In the shade of one of the large trees, a married couple gazes happily at the activity in the theatre square. An elderly gentleman, together with a young lady, intently study the large chess board and take turns moving the pieces. At the fountain, a group of women chat loudly on colourful garden chairs. The story is clearly audible—it is about a memory of a visit to a park in Paris which had the same chairs. Passers-by, old and young, greet the women enthusiastically. A little further on, a woman is talking to a man opposite her. She is gesturing wildly. After a while, another woman joins the conversation. The two women then walk through the open front door of Boulevard 15. 

The covered passage smells of freshly-baked cookies. The scent is coming from De Bonte Hof. Amusing conversations can be heard that pause for a moment when the oven beeps in the kitchen that has been decorated in an old-fashioned style. A tray of fresh cookies is removed from the oven. Two women, one in a wheelchair, enter the venue, obviously seduced by the smell. They sample the cookies. 

The supermarket across the street is very busy. Shopping trolleys loaded with groceries are pushed out of the shop. The rattle of a shopping trolley dissipates into the distance as it disappears from view towards Grote Plein. A man reluctantly pushes the full trolley while two women follow behind him arm in arm. The trio disappear behind the front door of Grote Plein 5.


A staffer’s account of a typical morning in one of Hogeweyk’s houses reveals more about the hands-on care that allows residents to continue enjoying their carefully designed home, and the autonomous lifestyle it makes possible:

Mr Hendricks wakes up on the sofa. He unzips his fly. I jump up and escort him to the toilet just in time. I grab a roll of medication for him from the medication trolley. He is now walking to his room. We pick out clothes together and I lay them out on his bed. He washes himself at the sink. I watch briefly before leaving. Fifteen minutes later, I poke my head through the door. That’s not how electric shaving works! I offer to help, but Mr. Hendricks is clearly a bit irritated and grumbles. He’ll be a little less shaven today. We’ll try again after breakfast…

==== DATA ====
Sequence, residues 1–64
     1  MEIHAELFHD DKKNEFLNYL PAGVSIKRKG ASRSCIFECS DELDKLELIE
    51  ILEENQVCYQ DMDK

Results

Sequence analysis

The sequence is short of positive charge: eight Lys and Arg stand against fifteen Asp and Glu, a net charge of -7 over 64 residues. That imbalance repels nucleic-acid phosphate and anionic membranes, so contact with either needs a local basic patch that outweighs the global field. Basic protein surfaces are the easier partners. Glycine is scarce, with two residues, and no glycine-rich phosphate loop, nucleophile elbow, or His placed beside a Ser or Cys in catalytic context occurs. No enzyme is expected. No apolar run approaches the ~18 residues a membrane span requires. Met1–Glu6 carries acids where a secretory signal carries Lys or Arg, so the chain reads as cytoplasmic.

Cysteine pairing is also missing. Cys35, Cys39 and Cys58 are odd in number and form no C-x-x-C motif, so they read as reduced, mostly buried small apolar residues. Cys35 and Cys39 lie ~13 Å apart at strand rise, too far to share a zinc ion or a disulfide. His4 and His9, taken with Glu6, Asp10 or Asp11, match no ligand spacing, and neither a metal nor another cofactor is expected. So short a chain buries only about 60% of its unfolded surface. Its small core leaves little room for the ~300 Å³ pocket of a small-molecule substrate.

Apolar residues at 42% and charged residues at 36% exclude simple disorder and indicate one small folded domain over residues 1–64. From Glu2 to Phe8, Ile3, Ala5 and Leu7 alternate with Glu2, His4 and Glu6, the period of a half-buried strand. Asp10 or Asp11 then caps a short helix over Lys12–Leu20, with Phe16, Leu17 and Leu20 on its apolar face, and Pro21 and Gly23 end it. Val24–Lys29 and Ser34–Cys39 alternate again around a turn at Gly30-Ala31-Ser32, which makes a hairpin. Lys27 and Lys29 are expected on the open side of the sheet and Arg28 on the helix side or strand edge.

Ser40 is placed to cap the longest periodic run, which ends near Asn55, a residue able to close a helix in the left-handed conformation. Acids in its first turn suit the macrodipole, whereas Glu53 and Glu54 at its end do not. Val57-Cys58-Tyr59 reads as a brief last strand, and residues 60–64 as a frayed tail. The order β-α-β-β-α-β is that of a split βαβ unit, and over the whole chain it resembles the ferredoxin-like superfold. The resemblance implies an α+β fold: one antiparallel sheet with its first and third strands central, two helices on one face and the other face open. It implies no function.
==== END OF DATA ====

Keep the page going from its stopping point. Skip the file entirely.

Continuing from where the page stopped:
We help Mrs Stijnen into the shower chair with the hoist. She is clearly not used to it. Discussing her extensive Swarovski collection, displayed in the glass case in her room, turns out to be an excellent distraction. She proudly talks about the latest piece she acquired this year. On to the shower. The two other residents are still sleeping. Great, that gives me the chance to devote some extra time to Mrs Stijnen today. 

The doorbell rings again and my colleague, Yasmin, walks in. She’s the familiar face that everyone can rely on. Always present at 8 a.m., 5 days a week. What a relief for residents and family. She, too, puts her coat and bag in the locker. The washing machine is ready, and Yasmin loads up the dryer. The table in the dining room is then set. Yasmin puts a floral tablecloth from the cupboard on the table. Mr Hendricks lends a hand and, with some guidance, puts two plates in their place, but then walks away to the sofa and sits down. A Dutch breakfast with bread, cheese, cold cuts, jam, coffee, tea and milk is served. Yasmin is making porridge for Mrs Smit. As always, she has breakfast in bed. Yasmin helps Mrs Smit. It is now 08:45 and Mr Hendricks and Mrs Stijnen are sitting at the dining table. Yasmin pushes the chairs in and sits down herself. They chat about the weather, and Yasmin lends a helping hand when needed. 

Mr Hendricks is really grumpy today and is currently grumbling at Mrs Jansen. I’m wondering if we’re overlooking something?

Learn more about the Hogeweyk, the world’s first dementia village here.

Watch a playlist of Vox By Design episodes here.

Related Content 

The Restaurant of Mistaken Orders: A Tokyo Restaurant Where All the Servers Are People Living with Dementia

How Music Can Awaken Patients with Alzheimer’s and Dementia

Dementia Patients Find Some Eternal Youth in the Sounds of AC/DC

Ayun Halliday is the Chief Primatologist of the East Village Inky zine and author, most recently, of Creative, Not Famous: The Small Potato Manifesto.  Follow her @AyunHalliday.


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  • Kimberly says:

    No amount of well-designed homes for dementia patients can take the place of family. Many of those people were denied the comfort of loved ones during the lockdowns, causing their confusion and dementia to deepen. There were lots of terrible policies during the lockdown, and this one doesn’t get enough attention.

  • Nancy Beaupre says:

    This should be started in u.s.and other countries! What a great way to make people feel happy and useful again!!